Beloved 122-year-old stone wall in Oak Bay demolished by developer

This is a stone wall dating from 1897, when it surrounded the house of Sir Charles Hibbert Tupper.

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VICTORIA — Workers with jackhammers punched holes in a 122-year-old heritage wall in a quiet Oak Bay neighborhood on Thursday, in defiance of a stop-work order from the municipality.


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A small crowd gathered on the property and Oak Bay police were called. But work continued on the wall and officers were eventually called.

“We were hoping to preserve the wall for 200 years or more,” said nearby resident Ken Grant, watching the jackhammers at work. “We failed.”

This is a stone wall dating from 1897, when it surrounded the home of Sir Charles Hibbert Tupper, a federal politician and son of Sir Charles Tupper, one of the Fathers of Confederation. The wall is listed on the Oak Bay Community Heritage Register, but is not officially protected.

It faces two sides of a 1.7 acre lot at Prospect and York Squares. Mike Miller, owner of Abstract Developments, owns the land and said he plans to build a house there for his family. The company says it wants to build a single-family home.


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Oak Bay Mayor Kevin Murdoch said a stop work order was issued last week on the Prospect Place property. But the order was removed when Abstract indicated that he had no intention of working on the wall.

Murdoch said jackhammers returned on Thursday to pave the way for a planned driveway. Oak Bay attempted to respond with another stop work order, but this time Abstract said the order did not apply because no permit or approval was required to take down a wall or fence.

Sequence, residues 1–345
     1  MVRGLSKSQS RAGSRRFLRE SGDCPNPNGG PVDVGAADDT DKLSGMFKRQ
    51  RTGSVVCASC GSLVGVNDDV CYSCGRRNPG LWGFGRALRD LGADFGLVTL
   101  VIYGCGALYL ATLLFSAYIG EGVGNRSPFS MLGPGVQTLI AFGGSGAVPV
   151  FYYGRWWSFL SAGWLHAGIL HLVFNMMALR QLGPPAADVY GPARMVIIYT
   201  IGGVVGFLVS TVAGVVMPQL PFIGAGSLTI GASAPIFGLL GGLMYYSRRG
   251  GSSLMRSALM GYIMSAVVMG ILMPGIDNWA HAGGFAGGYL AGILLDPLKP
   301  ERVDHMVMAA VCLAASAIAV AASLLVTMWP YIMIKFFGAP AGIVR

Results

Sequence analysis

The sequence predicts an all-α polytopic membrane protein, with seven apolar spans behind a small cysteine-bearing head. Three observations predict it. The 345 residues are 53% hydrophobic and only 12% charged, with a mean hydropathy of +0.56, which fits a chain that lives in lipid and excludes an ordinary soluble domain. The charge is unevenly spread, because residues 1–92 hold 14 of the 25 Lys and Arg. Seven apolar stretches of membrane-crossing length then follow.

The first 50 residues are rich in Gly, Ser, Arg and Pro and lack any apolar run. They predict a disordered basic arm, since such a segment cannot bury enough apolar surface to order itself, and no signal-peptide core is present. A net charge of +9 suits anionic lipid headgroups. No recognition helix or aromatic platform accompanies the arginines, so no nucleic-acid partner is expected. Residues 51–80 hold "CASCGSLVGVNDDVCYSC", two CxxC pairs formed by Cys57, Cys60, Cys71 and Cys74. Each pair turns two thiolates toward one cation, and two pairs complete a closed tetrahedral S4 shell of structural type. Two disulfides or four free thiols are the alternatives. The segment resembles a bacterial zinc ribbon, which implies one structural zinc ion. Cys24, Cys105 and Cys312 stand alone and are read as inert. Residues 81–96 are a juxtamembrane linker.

Oak Bay responded with a 60-day temporary protective order at 11:30 a.m. By then, the jackhammers were done. Abstract said he would comply.

Murdoch said he was disappointed with the developer’s behavior, even though it was legally correct.

“This stop work order accurately reflected the intent of the community,” Murdoch said. “I don’t think it will be welcomed by the community to see a stop work order ignored.”


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The Prospect Place property has been controversial for several years. The municipality and residents are discussing whether the property could be part of a heritage conservation area to protect features such as the wall.

City councilors gave three readings to a heritage control period by-law for the ward. A fourth is scheduled for October 28. After the Heritage Control Period Regulations are enacted, a developer will need to apply for a Heritage Alteration Permit to alter the wall.

Miller was unavailable for comment on Thursday, but an executive summary released a statement saying the work was done in anticipation of the settlement.

“Abstract began work (Thursday) to protect the company’s existing rights to the property as the District of Oak Bay is expected to implement a heritage control period bylaw in the Prospect neighborhood. by the end of the month,” said an emailed statement.

Murdoch said a heritage alteration permit would have only taken Abstract a few more weeks and any resulting work would have taken place with less controversy.

“(A heritage alteration permit) does not preclude owners from having rights,” Murdoch said. “So an aisle access like that, I anticipate they would always have been allowed to do that. But if the process had been allowed the openings would have been a bit smaller as they removed a few more rocks and I would expect it would have been less controversial.



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